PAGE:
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The #1 ADHD podcast on iTunes, hosted by

NYU Business Professor Becomes ADHD Children’s Book Author- Sivan Hong

by Faster Than Normal

I want to thank you for listening and for subscribing to Faster Than Normal! I also want to tell you that if you’re listening to this one, you probably listened to other episodes as well. Because of you all, we are the number one ADHD podcast on the internet!! And if you like us, you can sponsor an episode! Head over to https://rally.io/login/ It is a lot cheaper than you think. You’ll reach… about 25k to 30,000 people in an episode and get your name out there, get your brand out there, your company out there, or just say thanks for all the interviews! We’ve brought you over 230 interviews of CEOs, celebrities, musicians, all kinds of rock stars all around the world from Tony Robbins, Seth Godin, Keith Krach from DocuSign, Danny Meyer, we’ve had Rachel Cotton, we’ve had  the band Shinedown, right? Tons and tons of interviews, and we keep bringing in new ones every week so head over to https://rally.io/creator/SHANK/?campaignId=1f99a340-203f-498e-9665-24723a5f8b7a  make it yours, we’d love to have you, thanks so much for listening!  Now to this week’s episode, we hope you enjoy it!

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Sivan Hong’s career spans over two decades in several industries and professions, including holding esteemed positions as a professor at New York University’s Stern School of Business and former partner at The Bridgespan Group. Today, Sivan authors and illustrates the children’s book series The Super Fun Day Books, including “Benny J. and the Horrible Halloween”, “George J. and the Miserable Monday” and “Emily D. and the Fearful First Day”.  Her inspiring books focus on neurodiverse children, who overcome their challenges with perseverance and bravery.  Sivan also occupies seats on the Board of several foundations and non-profits. When she’s not working, Sivan enjoys being a wife to her lovely husband and a mother to their two wonderful children.  They have a dog and cat and live a quiet and contented life in their home in Connecticut. Today we learn what caused her to make such a drastic career switch and the inspiration behind her newfound love as an Author. Enjoy! 

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In this episode Peter and Sivan discuss:    

2:10  –  Intro and welcome Sivan Hong!!

3:04    So how in the world did you go from being a Professor at NYU Stern and a partner at Bridgespan, to writing children’s books for neurodiverse kids?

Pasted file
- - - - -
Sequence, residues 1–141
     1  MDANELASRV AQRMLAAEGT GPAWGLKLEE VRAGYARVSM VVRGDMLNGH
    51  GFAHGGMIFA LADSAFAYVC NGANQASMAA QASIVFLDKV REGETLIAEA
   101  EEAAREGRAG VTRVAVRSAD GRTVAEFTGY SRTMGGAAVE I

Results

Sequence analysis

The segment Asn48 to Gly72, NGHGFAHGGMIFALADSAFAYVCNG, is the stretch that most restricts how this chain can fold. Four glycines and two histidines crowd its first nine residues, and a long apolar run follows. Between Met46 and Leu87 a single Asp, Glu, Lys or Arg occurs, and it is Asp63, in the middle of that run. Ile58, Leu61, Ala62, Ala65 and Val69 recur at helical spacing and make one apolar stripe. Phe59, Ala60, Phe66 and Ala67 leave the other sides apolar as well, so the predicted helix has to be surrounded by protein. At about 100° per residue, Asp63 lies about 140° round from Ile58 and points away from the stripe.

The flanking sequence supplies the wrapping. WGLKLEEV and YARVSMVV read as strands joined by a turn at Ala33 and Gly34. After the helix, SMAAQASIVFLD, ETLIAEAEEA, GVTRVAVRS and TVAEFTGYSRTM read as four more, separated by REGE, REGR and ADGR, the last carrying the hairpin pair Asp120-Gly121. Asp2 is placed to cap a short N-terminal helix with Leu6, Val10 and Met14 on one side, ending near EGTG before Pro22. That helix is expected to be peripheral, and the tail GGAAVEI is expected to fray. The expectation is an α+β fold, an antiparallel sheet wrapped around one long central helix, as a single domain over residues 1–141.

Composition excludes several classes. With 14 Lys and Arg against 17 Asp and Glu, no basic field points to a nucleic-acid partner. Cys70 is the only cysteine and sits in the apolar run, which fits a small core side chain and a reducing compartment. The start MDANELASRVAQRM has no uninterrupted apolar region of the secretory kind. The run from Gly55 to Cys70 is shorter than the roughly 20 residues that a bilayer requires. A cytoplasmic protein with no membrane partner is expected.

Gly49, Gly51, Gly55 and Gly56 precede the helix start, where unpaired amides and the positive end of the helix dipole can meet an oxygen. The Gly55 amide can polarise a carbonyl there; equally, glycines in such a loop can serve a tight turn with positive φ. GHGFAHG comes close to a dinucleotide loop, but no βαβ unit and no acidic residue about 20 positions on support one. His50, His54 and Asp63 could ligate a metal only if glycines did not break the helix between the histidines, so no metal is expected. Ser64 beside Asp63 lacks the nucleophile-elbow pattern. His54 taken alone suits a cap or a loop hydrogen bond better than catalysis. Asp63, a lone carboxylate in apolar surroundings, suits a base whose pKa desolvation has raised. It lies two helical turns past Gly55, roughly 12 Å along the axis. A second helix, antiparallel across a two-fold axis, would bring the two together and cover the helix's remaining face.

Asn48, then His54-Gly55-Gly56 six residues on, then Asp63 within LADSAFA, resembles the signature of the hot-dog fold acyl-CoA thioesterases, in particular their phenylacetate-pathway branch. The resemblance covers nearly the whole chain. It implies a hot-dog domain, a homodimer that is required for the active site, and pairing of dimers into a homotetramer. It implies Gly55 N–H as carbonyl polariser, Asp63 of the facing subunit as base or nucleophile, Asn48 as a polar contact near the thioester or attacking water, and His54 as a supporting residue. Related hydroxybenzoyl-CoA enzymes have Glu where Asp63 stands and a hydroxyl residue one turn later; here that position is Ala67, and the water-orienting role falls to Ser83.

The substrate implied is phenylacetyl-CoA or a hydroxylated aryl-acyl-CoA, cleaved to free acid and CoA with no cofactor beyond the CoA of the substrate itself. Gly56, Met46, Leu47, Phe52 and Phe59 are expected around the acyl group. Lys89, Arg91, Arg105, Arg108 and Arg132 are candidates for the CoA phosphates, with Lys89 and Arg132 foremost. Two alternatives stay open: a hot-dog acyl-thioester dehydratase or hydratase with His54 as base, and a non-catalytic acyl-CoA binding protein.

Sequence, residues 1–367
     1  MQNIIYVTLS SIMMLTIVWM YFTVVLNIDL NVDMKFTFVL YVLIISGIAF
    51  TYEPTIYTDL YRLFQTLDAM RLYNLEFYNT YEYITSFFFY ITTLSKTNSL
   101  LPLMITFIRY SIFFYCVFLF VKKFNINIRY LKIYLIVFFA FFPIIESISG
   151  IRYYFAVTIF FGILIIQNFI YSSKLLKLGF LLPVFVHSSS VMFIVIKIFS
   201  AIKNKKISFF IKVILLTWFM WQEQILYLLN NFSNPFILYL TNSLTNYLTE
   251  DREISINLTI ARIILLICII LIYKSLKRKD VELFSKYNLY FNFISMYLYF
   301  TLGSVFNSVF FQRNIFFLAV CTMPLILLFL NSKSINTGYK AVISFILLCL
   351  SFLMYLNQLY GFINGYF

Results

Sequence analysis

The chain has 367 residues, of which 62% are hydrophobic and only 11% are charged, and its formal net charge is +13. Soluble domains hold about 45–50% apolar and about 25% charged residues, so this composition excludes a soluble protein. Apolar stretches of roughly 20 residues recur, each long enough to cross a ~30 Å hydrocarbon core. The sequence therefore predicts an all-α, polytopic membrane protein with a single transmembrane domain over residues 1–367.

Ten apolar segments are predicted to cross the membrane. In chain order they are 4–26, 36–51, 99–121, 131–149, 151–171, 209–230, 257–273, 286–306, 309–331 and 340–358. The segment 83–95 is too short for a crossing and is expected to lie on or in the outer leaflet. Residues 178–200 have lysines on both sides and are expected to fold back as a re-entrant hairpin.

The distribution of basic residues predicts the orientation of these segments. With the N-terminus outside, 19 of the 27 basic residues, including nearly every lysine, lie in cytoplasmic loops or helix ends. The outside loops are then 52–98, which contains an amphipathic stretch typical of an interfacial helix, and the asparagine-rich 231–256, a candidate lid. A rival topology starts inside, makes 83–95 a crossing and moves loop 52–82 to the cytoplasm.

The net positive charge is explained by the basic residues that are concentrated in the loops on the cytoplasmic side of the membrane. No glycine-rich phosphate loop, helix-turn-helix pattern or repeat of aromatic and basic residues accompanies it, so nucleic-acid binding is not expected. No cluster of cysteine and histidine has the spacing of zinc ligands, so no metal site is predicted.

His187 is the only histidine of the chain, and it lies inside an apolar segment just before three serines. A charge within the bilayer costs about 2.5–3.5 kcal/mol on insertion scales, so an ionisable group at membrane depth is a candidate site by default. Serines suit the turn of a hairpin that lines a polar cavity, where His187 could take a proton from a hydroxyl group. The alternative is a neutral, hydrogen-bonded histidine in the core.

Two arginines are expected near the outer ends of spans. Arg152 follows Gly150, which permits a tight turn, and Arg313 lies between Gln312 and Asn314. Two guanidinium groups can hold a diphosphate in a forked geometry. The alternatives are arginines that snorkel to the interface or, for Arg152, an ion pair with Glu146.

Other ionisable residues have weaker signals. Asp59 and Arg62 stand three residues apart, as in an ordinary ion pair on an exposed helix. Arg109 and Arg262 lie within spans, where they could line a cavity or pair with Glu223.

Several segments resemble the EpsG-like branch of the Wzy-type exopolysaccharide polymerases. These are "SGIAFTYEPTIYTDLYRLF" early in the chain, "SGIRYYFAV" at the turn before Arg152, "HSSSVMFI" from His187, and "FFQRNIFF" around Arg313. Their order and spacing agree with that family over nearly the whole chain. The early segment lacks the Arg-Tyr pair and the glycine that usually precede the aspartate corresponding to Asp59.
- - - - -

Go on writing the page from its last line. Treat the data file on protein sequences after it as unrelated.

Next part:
3:34    Why Sivan changed careers

4:00    What did Sivan do over COVID?

5:05    On the ever-changing definition of neurodiversity. Tell us how your experience has been getting the “ADHD is a gift! “message across to people, which is not always something people want to hear.

6:27    On the challenge of undoing ‘social programming’/branding

7:21    On Peter’s struggle when his book first launched. 

8:26  –  Though we’re trying, not everyone considers neurodiversity, or even being ‘not the same’ truly a gift, not a curse. How do you teach your children about it?

10:03 – On playing into your strengths and using them as superpowers, as opposed to focusing on any negative.  

11:05    Tell us about your books and more about how they were inspired? (Links to ref’s below)

13:28    Where can everyone find you, and buy your books? 

Benny J. and the Horrible Halloween  George J. and the Miserable Monday  Emily D. and the Fearful First Day. You can get them, [above], on Amazon and also via her website  https://sivanhong.com/  Sivan on the Socials:  sivan_hong_author on INSTA  and @sivanhongauthor on Facebook

14:00    THERE ARE NOT ENOUGH BOOKS LIKE THESE! Awesome work & thank you Sivan!

14:12    Guys, as always, we are here for you and we love what the responses and the notes that we get from you. So please continue to do that, tell us who you want to hear on the podcast, anything at all, we’d love to know.  Leave us a review on any of the places you get your podcasts, and if you can ever, if you ever need our help, I’m www.petershankman.com and you can reach out anytime via peter@shankman.com or @petershankman on all of the socials. You can also find us at @FasterThanNormal on all of the socials. It really helps when you drop us a review on iTunes and of course, subscribe to the podcast if you haven’t already! As you know, the more reviews we get, the more people we can reach. Help us to show the world that ADHD is a gift, not a curse! 

14:29    Faster Than Normal Podcast info & credits

TRANSCRIPT: